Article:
D.R. Horton Inc., the second-largest U.S. homebuilder by revenue, fell in New York trading after reporting a quarterly profit that missed analyst estimates.
Net income was $35.7 million, or 11 cents a share, in the three months ended Sept. 30, compared with a loss of $8.9 million, or 3 cents, a year earlier, the company said in a statement today. Analysts expected a profit of 15 cents a share, the average of 12 estimates in a Bloomberg survey.
D.R. Horton, based in Fort Worth, Texas, has been lowering costs and shifting its focus to move-up buyers as the U.S. housing market struggles to recover from a five-year slump in prices. The company’s fiscal fourth-quarter orders rose 6.6 percent from a year earlier, when sales were hurt by the expiration of a homebuyer tax credit. The growth was less than some analysts expected as market share declined, said Michael Widner, an analyst with Stifel Nicolaus & Co. in Baltimore.
“As conditions change -- tax credit gone, competitors coming to grips with market realities -- we expected some of those share gains might erode,” Widner, who rates D.R. Horton “hold,” said in a note to investors today. “It appears to us they did.”
D.R. Horton dropped 1.7 percent to $11.46 at the close in New York. It was the biggest loser in the 12-member Standard & Poor’s 1500 Homebuilding Index, which climbed 1.3 percent. The company’s shares have lost 3.9 percent this year, compared with a 13 percent decline in the S&P gauge.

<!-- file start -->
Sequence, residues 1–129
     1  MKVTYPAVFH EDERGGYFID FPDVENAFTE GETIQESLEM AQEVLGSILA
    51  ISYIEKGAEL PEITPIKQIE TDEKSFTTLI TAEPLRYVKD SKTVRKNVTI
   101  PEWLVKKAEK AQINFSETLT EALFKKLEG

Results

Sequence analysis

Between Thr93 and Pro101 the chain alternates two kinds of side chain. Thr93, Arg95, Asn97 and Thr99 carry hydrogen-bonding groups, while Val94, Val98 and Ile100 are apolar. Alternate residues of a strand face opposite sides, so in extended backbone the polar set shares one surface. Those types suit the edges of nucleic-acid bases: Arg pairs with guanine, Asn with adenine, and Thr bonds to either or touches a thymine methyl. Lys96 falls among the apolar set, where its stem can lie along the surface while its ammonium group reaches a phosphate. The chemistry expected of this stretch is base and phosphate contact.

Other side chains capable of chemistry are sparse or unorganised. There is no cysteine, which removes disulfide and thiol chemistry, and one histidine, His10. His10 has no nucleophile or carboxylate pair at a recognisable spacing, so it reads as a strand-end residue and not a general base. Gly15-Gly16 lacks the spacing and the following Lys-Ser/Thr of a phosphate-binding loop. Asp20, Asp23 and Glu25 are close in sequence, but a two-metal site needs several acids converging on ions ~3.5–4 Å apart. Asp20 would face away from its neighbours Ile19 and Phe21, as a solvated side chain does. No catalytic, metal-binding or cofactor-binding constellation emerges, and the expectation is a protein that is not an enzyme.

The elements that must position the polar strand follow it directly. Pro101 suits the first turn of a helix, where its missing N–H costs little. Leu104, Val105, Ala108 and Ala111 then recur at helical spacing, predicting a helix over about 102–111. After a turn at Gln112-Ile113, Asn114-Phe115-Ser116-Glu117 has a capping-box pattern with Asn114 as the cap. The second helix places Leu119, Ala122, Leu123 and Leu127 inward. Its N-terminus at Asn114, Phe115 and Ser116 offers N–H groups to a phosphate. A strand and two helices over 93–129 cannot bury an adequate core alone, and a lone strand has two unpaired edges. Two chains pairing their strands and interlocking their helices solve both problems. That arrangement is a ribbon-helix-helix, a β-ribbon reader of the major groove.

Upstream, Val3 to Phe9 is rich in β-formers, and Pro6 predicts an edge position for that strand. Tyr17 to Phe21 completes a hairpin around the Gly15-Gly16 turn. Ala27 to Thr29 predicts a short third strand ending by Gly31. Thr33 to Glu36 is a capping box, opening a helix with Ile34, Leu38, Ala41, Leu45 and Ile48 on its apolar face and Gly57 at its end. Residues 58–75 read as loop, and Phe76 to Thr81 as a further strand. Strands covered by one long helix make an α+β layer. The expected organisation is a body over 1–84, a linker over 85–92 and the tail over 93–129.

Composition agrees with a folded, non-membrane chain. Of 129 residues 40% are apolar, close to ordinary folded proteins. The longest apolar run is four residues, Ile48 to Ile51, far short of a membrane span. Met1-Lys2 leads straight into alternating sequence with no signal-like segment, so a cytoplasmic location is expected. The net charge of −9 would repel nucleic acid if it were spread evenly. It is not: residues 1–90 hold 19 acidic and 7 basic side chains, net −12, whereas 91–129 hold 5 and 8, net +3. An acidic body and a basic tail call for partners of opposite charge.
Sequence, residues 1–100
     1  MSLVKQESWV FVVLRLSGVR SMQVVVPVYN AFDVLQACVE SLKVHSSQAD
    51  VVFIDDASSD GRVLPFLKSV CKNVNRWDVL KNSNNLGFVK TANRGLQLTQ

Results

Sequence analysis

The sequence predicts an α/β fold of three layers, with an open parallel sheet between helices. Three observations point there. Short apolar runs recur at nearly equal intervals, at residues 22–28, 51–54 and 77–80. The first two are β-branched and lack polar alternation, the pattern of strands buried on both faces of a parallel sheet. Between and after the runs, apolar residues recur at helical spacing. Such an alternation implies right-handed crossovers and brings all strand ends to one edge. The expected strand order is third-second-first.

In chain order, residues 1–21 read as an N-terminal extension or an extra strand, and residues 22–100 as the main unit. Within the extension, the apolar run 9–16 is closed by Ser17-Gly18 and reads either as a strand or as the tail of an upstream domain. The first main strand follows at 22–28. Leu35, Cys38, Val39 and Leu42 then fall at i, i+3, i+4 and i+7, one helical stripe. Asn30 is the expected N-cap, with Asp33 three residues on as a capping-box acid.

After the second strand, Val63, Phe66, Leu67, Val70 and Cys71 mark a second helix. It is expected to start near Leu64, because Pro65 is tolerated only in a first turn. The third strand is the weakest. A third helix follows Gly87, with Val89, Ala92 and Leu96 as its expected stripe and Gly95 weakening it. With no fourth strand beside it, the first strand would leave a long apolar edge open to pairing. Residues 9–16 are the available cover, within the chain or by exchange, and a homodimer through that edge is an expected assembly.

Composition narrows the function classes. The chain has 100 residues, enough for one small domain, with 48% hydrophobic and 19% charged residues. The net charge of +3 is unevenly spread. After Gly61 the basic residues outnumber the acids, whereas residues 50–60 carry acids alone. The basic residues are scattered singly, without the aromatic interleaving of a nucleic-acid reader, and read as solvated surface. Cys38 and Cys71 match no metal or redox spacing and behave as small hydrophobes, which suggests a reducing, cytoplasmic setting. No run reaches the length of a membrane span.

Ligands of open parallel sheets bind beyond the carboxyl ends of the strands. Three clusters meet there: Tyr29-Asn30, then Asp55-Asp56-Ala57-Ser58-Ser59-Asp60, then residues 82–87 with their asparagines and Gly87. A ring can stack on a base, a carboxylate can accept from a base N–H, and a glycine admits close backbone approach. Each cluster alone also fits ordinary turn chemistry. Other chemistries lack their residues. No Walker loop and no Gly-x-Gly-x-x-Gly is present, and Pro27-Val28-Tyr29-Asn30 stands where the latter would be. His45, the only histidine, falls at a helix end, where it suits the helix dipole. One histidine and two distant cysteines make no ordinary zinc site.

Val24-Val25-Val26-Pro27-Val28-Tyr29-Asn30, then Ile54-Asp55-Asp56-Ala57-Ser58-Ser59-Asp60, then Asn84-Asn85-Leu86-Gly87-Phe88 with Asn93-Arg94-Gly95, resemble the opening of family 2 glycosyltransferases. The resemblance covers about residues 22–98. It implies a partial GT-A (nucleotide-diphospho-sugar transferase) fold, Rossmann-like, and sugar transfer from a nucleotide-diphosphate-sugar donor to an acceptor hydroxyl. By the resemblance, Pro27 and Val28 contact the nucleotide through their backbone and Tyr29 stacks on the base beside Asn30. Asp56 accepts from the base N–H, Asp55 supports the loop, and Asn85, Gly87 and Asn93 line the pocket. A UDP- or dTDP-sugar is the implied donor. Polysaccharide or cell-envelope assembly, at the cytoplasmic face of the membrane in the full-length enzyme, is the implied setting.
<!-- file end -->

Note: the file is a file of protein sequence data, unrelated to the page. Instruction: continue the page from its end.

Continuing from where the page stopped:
U.S. sales of new houses have slumped as foreclosures, tighter lending standards and an unemployment rate around 9 percent depress demand. New homes sold at an annual pace of 313,000 in September, the Commerce Department reported Oct. 26, putting this year on course to be the slowest in records dating to 1963. The previous low was in 2010, when 323,000 homes sold.
D.R. Horton’s fiscal fourth-quarter homebuilding revenue increased to $1.07 billion from $925.7 million a year earlier.
Orders rose to 4,241 homes from 3,979 a year earlier. The company’s sales order backlog, an indicator of future revenue, climbed to 4,854 homes worth $1 billion, from 4,128 homes worth $850.8 million a year earlier.
Orders and operating margins in the fiscal fourth quarter were “modestly” below expectations, while impairments on land were bigger than estimates, Michael Rehaut, an analyst at JPMorgan Chase & Co., wrote in a note to clients. He expected a 12 percent increase in orders.
The year-earlier orders were hurt by the expiration of a tax credit worth as much as $8,000 for first-time homebuyers. The incentive required contracts be signed by April 30, pushing many transactions to earlier in the year.
The fourth-quarter results included about $12.8 million in pretax charges related to inventory impairment costs and write offs of land options, compared with $30.8 million a year earlier. Rehaut had estimated that such expenses would total $8 million, according to his note.
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